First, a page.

This requires a dedicated diagnostic channel to monitor the cpu as well as error correction for the memories. There are several approaches to implement this diagnostic channel. From heterogeneous multicore architectures with integrated safety controller based to lock-step architectures, ARM's embedded Cortex-R4F and Cortex-M3 cpus are both designed to support ISO26262 compliance. With Cortex-R4F, lock-step architecture is a synthesis option, while Cortex-M3 features an observation port for Yogitech's fr_CPU diagnostic module to simplify implementation of safety critical systems (see figure 2).

A further domain subject to stringent regulation is engine management. The EU has defined a series of Directives introducing increasingly tight emission control standards. The latest, Euro 6, will be introduced in September 2014. To comply with these standards and achieve the emissions goals, models are needed that employ complex mathematics to control and diagnose a physical combustion process efficiently. On the other hand, hard real time response is mandatory to control injection and ignition timing. These two approaches impose different architectural choices for the cpu. The optimal solution is multiprocessing, with one or more Cortex-R4Fs to handle the maths and a Cortex-M3 to service the engine timer in the real time domain.

But probably the greatest opportunities for SoCs are found in instrumentation and infotainment. The days of the dashboard being a 'dial and switch housing' are numbered: analogue gauges with pointers, rudimentary dot matrix graphics and warning lights are no longer sufficient to present the increasing load of information to the driver. The trend is towards new concepts combining a classic speedometer and RPM gauge with enhanced WQVGA or WSVGA graphics. But there is also a move towards fully reconfigurable instrument clusters based on tfts or lcds. Classic 'head down' instruments are being supported by 'head up' displays, making the most critical information available in the driver's field of view.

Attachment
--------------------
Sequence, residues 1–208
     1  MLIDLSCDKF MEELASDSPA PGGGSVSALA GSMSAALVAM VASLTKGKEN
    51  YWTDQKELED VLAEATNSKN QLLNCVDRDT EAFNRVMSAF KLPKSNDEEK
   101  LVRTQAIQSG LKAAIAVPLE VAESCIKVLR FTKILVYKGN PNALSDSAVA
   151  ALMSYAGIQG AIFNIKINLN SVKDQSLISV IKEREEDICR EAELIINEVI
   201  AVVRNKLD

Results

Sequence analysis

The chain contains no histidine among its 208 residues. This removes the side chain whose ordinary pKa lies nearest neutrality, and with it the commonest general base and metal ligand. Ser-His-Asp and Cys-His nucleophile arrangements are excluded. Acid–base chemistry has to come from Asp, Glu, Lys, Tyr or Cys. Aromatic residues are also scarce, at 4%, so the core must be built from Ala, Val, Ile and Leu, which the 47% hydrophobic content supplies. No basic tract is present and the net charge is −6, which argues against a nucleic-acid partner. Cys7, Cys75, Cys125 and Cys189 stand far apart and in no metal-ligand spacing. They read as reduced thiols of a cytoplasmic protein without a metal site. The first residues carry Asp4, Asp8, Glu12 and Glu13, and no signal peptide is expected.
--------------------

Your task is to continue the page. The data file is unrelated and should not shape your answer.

The instrument cluster is still a typical Autosar based system, whereas the most popular graphics technology, OpenGL-ES, originates in the consumer world and has different software requirements to the operating system, as well as to the device architecture. Today, this is solved using two devices, but the next step will be integration to address a broader range of vehicles.

Devices combining a Cortex-R4F cpu with a graphics processing unit are emerging, while Cortex-A based devices are being prepared for the following generation. The challenge is to make Autosar and a platform OS coexist safely and securely on one device and this will be solved through multiprocessing and hardware supported virtualisation.
New driver information and multimedia concepts take this complexity one step further. Tools and functions to design and implement GUIs and HMI, audio and video codecs and stacks for handling the consumer connectivity to the outside world are best supported by a platform OS. Autosar connectivity (CAN) is still required for integration in the vehicle network.

Some proposed system solutions look quite similar to a computing platform, with a processor, system hub, fpga and collection of other devices, including an mcu for the automotive side. However, this bill of materials is far too expensive for a large scale adoption in the high volume segments. Here, ARM11 and Cortex-A based system chips, combining the connectivity modules and the processing elements of both worlds, allow significant cost, power and size reductions.

SoC designs usually consume less power and have a lower cost and higher reliability than the multichip systems that they replace. And with fewer packages in the system, assembly costs are reduced as well. They enable more reliable, more robust, power and cost efficient solutions. With a coherent portfolio of cpus covering all performance points, ARM is well positioned to serve growing demand for automotive SoCs.

Author
Boris Vittorelli, embedded solution manager with ARM